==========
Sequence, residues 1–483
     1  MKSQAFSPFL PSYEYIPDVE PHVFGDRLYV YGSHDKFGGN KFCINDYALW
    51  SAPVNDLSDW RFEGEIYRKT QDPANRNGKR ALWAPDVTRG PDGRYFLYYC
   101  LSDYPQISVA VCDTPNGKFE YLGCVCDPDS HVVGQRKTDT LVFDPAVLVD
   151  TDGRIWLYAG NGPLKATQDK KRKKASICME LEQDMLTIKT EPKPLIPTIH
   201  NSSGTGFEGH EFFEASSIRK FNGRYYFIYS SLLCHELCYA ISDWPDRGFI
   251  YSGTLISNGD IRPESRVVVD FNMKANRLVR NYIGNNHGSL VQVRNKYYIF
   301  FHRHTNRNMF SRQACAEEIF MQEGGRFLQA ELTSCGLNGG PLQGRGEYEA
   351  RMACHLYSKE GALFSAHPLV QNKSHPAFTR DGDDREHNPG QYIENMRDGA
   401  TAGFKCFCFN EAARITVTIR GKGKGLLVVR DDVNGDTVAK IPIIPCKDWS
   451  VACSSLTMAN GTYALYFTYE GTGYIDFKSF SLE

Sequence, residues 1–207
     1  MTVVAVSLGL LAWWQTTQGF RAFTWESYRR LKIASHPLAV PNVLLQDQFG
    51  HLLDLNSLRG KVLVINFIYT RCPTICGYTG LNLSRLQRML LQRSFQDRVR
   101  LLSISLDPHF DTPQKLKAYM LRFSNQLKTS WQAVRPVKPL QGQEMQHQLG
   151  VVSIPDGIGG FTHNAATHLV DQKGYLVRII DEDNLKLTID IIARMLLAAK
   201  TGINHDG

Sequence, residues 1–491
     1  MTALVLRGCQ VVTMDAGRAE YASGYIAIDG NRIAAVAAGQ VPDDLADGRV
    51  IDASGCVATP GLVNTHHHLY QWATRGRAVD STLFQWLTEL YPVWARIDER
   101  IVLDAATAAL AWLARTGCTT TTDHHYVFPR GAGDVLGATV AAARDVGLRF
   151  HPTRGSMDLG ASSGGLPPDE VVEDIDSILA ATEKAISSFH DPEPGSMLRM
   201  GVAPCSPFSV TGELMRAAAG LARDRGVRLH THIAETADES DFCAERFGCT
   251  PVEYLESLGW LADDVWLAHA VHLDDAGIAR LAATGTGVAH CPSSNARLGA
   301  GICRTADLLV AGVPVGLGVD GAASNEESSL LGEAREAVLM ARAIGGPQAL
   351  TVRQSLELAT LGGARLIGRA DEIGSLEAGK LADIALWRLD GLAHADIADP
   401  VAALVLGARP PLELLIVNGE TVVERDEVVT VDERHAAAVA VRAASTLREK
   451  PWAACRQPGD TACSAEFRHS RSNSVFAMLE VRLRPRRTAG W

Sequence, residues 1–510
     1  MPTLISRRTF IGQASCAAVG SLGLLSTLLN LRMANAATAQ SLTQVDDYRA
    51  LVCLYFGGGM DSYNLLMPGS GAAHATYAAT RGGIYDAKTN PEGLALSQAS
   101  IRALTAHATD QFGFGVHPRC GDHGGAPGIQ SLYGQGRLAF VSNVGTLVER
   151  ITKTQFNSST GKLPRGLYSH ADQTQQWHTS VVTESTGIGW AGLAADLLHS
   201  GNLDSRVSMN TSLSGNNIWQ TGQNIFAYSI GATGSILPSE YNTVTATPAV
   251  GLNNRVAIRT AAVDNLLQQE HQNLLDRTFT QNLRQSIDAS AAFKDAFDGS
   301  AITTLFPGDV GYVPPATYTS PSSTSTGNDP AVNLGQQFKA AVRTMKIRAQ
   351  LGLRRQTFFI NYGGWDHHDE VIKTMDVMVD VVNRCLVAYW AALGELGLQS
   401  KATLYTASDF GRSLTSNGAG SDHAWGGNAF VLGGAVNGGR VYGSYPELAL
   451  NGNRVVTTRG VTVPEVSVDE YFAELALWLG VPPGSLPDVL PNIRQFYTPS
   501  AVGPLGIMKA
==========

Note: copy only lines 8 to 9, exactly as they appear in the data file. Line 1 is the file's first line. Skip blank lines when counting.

   301  FHRHTNRNMF SRQACAEEIF MQEGGRFLQA ELTSCGLNGG PLQGRGEYEA
   351  RMACHLYSKE GALFSAHPLV QNKSHPAFTR DGDDREHNPG QYIENMRDGA